Hi Crew, I bought a Broadway Limited with sound...

Discussion in 'Getting Started' started by EngineerKyle, May 23, 2006.

  1. EngineerKyle

    EngineerKyle Member

    ... and I really like it. It's a B&O NW2 Switcher. Timing the coupler crashes to the magnet ramps and the like is a whole new world of play for me. It looks like I'll be hooked on Q sound, now.

    BUT HERE's THE PROBLEM.... :cry:

    I plowed ahead with my first layout, (a little over a year ago) and my trackwork is fair to good. I've been running Atlas Geeps and Athrean Rolling Stock at a 91% success rate. That means that in the course of 100 individual operations, I have a derailment caused by either a mechanical or operator error nine times. I keep stats. I can live with 91%.

    Unfortunately, it seems the BLI switcher is too light/delicate for my trackwork, and it derails often, especially around the turnouts that everything else that travels across my layout can handle. I use code 100. I've examined the wheels on my new BLI switcher, and the cross section of the wheel looks different than what my Atlas locos have. The (flange?) of the wheel seems thinner? and maybe the part of wheel that contacts the rail a little flatter?


    Should I expect the BLI to be fussier?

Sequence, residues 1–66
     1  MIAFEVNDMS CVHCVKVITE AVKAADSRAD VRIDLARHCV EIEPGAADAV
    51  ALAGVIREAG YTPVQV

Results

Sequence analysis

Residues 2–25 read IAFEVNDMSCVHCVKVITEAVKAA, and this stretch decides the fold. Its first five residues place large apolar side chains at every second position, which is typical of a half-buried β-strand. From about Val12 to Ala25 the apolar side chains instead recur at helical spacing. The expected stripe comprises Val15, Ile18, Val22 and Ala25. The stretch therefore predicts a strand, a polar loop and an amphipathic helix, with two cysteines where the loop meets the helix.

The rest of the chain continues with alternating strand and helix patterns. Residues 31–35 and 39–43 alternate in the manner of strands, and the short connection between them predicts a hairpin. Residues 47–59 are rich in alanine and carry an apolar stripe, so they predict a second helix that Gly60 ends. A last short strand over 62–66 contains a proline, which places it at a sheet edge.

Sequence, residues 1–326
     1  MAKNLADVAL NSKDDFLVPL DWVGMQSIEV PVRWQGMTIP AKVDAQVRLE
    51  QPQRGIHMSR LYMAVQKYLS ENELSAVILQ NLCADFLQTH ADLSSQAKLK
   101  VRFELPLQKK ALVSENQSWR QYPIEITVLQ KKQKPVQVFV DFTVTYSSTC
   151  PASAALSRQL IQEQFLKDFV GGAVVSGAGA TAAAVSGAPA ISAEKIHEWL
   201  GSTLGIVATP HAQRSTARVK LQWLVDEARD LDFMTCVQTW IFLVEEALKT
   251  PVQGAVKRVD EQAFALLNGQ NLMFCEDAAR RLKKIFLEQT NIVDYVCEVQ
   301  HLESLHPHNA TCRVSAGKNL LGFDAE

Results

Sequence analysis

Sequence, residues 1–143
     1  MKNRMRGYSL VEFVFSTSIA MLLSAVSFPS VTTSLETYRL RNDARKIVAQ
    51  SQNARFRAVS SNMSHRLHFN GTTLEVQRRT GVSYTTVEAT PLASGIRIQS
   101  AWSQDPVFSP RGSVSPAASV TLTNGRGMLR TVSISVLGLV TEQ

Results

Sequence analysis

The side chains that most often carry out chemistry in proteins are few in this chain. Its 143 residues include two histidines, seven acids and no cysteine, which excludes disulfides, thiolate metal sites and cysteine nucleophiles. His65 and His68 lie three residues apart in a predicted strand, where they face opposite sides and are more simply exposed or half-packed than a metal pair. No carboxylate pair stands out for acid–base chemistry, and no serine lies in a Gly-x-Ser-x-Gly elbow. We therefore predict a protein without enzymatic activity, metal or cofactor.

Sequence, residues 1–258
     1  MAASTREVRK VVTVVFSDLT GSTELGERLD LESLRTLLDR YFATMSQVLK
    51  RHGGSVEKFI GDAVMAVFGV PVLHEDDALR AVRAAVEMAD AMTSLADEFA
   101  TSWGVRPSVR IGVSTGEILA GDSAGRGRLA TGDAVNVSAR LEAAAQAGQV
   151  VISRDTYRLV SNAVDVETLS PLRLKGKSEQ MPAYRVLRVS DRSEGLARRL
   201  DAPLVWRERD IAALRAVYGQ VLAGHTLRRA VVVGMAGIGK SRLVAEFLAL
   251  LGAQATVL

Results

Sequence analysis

Should I expect switchers in general to be fussier?

    Can I do anything, short of repairing and replacing track to help this situation?

    Are those wheels different, and maybe designed for code 83?

    Anything else I should know? Should try?

    Thanks in advance,
  2. Russ Bellinis

    Russ Bellinis Active Member

    Do you have an NMRA gauge? If not, get one. It may appear to be shaped funy, the outside edge of the gauge is for measuing tunel portals. It has bits on it for measuring clearances on virtually eerything. You can check wheel gauge on your locomotives and track gauge with it. You may have a wheel set out of gauge or some track out of gauge. If you put your track down with nails it is easy to drive them in a little too deep causing the tie to buckle and put the track out of gauge. If your track work is right and all of your wheels are in gauge, you shouldn't have any problems
  3. EngineerKyle

    EngineerKyle Member

    Yep, Guaged the track, it was little off here and there... the geeps could handle it... but the bli could not.
  4. Russ Bellinis

    Russ Bellinis Active Member

    You need to fix your track first. Secondly, expect the BLI switcher to be light. There is very little extra space in a switcher, put in dcc and you lose some space that would be filled with weight, add sound and you lose more weight.

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